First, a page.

Trains in India can be booked up to 120 days in advance. This means buying a ticket in advance is wise. If it is impossible for you to book in advance, there are a few ways of arranging a ticket more last minute. I’ve listed some of them here.
For the 160th anniversary of India’s Railways, I put up a few pictures of trains I took on the lines between Delhi and Agra, and the lines between Delhi and Jaisalmer. The carriages with the bars on open windows are third class. Five rupee masala chai is lovingly represented.
While some people go in for the corporate doesn’t mean anything anyway line on Valentine’s Day it is still a day when other people’s love lives and your own are uncomfortably thrown into the spotlight. So why not ditch it and go and celebrate someone else’s wedding in India?
Every now and then we stay in places that help us out. The people who work there take us in and allow us to really experience the place. It’s something I hope will happen more and more in the future.
Women have to be careful in Delhi. I love Delhi and hope you will too. There are plenty of very friendly intelligent people here. But there are also some nasty bastards, so using common sense when it comes to travelling at night is a good idea.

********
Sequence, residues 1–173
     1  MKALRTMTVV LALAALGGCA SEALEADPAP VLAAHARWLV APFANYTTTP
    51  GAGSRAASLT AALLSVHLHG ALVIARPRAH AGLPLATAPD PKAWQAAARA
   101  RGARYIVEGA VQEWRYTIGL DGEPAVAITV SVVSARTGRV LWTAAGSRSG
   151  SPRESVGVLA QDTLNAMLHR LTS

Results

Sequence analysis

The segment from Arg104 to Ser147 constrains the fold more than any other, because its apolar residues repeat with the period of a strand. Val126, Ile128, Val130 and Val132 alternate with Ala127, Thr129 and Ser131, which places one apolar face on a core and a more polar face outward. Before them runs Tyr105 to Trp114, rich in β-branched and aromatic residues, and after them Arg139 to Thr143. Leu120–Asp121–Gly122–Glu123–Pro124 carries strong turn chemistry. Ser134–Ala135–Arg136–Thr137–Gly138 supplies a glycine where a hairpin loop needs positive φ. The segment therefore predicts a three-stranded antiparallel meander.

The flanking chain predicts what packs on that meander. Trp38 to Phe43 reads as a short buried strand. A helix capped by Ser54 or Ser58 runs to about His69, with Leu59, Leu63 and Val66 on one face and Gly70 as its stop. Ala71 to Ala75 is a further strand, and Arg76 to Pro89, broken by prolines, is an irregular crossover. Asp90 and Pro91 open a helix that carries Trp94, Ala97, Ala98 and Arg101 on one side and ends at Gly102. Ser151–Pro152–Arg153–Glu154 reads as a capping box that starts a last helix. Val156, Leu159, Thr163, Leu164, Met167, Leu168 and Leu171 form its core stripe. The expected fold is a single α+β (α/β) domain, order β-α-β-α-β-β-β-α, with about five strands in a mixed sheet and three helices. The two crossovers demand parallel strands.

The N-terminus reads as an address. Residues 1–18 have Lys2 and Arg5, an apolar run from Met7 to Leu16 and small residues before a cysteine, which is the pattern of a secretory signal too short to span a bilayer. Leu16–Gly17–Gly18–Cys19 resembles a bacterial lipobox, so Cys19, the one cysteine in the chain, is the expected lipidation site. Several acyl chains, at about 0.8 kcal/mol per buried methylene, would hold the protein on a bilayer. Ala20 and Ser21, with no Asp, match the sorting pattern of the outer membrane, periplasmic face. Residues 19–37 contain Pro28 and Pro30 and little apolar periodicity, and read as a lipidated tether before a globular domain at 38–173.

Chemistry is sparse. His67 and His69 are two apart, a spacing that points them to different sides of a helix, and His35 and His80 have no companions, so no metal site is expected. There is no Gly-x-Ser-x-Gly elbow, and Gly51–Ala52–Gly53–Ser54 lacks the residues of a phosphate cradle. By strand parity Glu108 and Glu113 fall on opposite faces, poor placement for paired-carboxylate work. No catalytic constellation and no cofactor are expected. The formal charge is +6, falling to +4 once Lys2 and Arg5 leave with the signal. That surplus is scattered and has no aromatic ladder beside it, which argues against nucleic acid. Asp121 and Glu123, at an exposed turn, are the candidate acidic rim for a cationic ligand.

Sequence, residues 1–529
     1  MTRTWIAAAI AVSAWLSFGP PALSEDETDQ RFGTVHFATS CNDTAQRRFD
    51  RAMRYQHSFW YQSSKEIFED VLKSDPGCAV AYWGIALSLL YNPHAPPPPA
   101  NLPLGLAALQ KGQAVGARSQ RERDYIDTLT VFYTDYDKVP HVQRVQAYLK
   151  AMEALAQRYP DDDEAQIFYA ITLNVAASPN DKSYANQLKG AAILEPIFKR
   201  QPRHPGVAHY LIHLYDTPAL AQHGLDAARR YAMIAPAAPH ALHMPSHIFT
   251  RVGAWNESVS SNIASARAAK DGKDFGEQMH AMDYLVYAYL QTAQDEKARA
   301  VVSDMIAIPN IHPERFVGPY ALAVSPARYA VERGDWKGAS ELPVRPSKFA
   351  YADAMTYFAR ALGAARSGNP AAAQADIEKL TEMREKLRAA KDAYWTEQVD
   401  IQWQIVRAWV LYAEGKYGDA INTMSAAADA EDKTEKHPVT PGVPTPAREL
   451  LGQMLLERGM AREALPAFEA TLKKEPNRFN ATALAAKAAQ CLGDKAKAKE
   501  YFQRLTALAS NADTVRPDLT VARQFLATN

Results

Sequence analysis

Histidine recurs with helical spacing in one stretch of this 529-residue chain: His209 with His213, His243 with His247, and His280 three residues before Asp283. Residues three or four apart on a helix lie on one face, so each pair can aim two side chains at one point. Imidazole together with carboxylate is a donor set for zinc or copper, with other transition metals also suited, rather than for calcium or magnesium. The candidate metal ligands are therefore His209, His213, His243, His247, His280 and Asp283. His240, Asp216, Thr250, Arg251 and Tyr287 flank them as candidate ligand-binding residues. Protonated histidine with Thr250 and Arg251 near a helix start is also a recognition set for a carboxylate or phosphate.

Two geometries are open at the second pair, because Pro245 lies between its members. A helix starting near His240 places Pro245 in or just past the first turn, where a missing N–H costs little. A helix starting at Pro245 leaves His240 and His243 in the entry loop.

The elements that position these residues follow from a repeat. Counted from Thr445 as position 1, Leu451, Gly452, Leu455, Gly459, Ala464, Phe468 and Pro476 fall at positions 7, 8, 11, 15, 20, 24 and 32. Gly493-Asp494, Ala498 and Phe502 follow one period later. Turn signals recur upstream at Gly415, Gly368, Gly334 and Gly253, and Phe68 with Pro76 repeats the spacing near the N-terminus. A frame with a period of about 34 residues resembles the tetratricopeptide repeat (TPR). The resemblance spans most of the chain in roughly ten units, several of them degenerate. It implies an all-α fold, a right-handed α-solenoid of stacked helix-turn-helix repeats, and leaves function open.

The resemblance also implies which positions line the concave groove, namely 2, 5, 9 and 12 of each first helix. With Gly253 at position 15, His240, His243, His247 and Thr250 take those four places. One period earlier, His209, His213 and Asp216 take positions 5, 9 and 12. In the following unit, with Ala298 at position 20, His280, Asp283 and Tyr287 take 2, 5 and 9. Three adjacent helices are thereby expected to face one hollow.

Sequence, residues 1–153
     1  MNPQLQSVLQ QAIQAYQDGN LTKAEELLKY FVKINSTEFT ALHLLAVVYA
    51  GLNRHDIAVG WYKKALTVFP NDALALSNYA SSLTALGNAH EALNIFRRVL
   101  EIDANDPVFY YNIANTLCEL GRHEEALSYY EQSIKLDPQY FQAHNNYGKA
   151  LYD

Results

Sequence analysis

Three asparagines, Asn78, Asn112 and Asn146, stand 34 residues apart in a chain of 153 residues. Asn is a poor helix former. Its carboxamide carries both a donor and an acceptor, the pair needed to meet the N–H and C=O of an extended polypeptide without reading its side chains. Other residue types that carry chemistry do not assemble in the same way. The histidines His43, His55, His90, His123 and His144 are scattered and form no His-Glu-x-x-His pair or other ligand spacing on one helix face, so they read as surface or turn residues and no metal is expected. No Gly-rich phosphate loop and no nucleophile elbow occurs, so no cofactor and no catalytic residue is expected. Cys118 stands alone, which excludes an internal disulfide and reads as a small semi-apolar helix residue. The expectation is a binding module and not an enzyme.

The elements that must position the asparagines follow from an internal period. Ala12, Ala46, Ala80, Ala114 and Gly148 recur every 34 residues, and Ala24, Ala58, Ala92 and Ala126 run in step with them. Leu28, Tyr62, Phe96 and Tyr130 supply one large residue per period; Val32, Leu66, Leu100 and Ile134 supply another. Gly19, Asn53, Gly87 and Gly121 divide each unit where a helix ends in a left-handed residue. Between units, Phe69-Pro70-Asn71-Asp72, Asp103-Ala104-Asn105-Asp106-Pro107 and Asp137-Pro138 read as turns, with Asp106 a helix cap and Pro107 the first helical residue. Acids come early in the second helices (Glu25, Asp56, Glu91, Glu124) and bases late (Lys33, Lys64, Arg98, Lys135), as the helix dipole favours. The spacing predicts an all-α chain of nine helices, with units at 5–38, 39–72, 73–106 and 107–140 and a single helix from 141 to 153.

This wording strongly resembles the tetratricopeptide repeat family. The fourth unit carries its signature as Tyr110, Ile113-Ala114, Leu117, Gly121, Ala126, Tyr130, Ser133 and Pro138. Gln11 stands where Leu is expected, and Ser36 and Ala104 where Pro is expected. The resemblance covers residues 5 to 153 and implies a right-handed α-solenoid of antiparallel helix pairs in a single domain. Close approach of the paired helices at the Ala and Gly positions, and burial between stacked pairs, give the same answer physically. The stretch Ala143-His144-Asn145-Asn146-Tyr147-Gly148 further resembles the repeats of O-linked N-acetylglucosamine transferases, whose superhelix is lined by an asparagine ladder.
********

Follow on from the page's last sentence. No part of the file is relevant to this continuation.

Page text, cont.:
The British persuaded people in India to grow and drink tea in the 50s. They didn’t want China to have a monopoly on the growing and exporting of tea. Today, masala chai tastes great. Here’s how you make Indian tea, it won’t taste as good but still worth it.
India. Overwhelming, sense-overloading, colourful, wonderful India. Hits you in the face as soon as you arrive and stays with you forever. This is how I felt before catching the night train to Jaisalmer 3rd class. Remember to book in advance or get a tatkal ticket the morning before.
Eyes wide alive as the first battered taxi you take through the streets of Delhi passes cows in the night. The cold is left behind and mosquitos fly at the windows. The air is thick and the smells are sweet and pungent.